Either way, Mitt Romney created a new tempest when he told an Ohio news station that he was opposed to a Senate amendment, favored by conservatives and under debate in Congress on Wednesday, that would allow employers and insurers to limit coverage of contraceptives if they have religious or moral objections.
“I’m not for the bill,” Mr. Romney said, but then added, “the idea of presidential candidates getting into questions about contraception within a relationship between a man and a women, husband and wife, I’m not going there.”
Mr. Romney seemed to be further distancing himself from the hard-edged social conservatism of his chief Republican rival, Rick Santorum, who has argued that contraception is damaging to society.
But in an apparent misunderstanding, Mr. Romney instead roused the momentary ire of many social conservatives, who already doubt his commitment to their cause.
Mr. Romney and his aides quickly corrected his remarks, saying he strongly supports the Senate amendment, and had not properly understood the question. (The slip followed a series of off-key comments about his wife’s Cadillacs and friends who own Nascar teams.)
The episode began when Mr. Romney was asked about his view of the sweeping amendment, sponsored by Senator Roy Blunt, Republican of Missouri, that would permit employers and insurers to refuse to offer health coverage that violated their beliefs.
The bill has been championed by leading social conservatives, who describe President Obama’s effort to require religiously affiliated institutions, like hospitals or universities, to offer contraceptive coverage as an assault on religious liberty.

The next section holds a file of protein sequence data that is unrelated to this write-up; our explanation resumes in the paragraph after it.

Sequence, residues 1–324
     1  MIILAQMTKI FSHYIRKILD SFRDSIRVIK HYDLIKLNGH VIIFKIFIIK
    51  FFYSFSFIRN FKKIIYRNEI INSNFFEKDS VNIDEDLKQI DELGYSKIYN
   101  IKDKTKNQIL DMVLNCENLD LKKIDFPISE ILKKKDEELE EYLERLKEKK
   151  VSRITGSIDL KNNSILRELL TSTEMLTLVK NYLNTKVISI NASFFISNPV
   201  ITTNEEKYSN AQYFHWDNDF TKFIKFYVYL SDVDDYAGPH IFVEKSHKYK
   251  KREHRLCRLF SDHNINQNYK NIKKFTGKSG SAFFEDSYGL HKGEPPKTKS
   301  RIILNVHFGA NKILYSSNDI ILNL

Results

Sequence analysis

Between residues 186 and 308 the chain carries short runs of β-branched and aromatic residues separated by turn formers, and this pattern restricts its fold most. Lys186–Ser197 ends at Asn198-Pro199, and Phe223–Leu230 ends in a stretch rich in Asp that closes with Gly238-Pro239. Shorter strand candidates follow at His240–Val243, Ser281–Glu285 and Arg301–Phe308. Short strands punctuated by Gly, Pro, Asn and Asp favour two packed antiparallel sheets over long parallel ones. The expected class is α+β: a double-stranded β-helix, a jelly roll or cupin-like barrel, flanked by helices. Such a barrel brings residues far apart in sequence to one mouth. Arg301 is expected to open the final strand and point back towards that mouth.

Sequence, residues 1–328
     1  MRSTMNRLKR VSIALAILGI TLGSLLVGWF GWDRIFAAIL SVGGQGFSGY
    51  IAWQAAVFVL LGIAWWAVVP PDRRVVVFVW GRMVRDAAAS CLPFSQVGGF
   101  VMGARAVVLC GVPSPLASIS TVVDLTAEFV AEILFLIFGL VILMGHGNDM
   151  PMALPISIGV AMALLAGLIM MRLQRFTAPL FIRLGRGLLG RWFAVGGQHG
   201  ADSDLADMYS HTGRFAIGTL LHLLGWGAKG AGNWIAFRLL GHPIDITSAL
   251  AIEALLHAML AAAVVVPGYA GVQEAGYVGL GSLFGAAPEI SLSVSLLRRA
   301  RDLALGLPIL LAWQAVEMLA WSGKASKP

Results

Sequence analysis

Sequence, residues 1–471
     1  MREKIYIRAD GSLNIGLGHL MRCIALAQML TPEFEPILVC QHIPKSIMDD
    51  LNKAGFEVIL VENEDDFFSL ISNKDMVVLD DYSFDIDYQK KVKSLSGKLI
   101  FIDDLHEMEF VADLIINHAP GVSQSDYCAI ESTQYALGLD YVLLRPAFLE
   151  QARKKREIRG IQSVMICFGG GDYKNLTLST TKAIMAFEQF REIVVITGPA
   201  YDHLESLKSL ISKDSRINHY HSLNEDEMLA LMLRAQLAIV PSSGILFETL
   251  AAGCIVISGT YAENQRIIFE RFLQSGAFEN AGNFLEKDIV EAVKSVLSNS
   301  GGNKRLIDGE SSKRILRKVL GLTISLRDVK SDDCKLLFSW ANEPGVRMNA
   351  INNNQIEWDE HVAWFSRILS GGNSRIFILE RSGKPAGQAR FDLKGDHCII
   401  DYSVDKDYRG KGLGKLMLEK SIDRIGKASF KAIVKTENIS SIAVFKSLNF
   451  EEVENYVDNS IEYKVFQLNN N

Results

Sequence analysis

Mr. Obama’s supporters call it a vital step for women’s health and say that Mr. Blunt’s amendment is a dangerous intrusion between doctors and their patients.
Despite the initial confusion over the Blunt amendment, Mr. Romney’s original response offered a clear alternative to Mr. Santorum’s often-stated views on contraception.
Mr. Santorum, a conservative Roman Catholic who says he does not personally believe in using contraception, has repeatedly said that the wide availability of birth control has had negative moral and social impacts on the country.
In an interview in October, he promised, “One of the things I will talk about, that no president has talked about before, is, I think, the dangers of contraception in this country.”
Mr. Romney has sought to portray himself in recent days as a more measured candidate than Mr. Santorum, declaring that he would not “light my hair on fire” to court conservatives.
His interview on ONN, an Ohio television station, set off a scramble among his staff members to quell an online storm. Mr. Romney immediately called in to a conservative Boston radio show and said, “Of course, I support the Blunt amendment.”
Referring to the ONN reporter who had interviewed him, Mr. Romney said, “I thought he was talking about some state law that prevented people from getting contraception.”
Tony Perkins, president of the Family Research Council, an evangelical Christian group, expressed surprise that Mr. Romney, in his television interview, had not immediately jumped on what Mr. Perkins described as the “red-hot issue” related to contraception — the threat to religious freedom posed by the Obama mandate.
“When he talked about the issue as being a matter of contraception between husband and wife — that’s not what the issue today is about,” Mr. Perkins said. “Either he’s so focused on going after Santorum, or he’s been asleep for the last month.”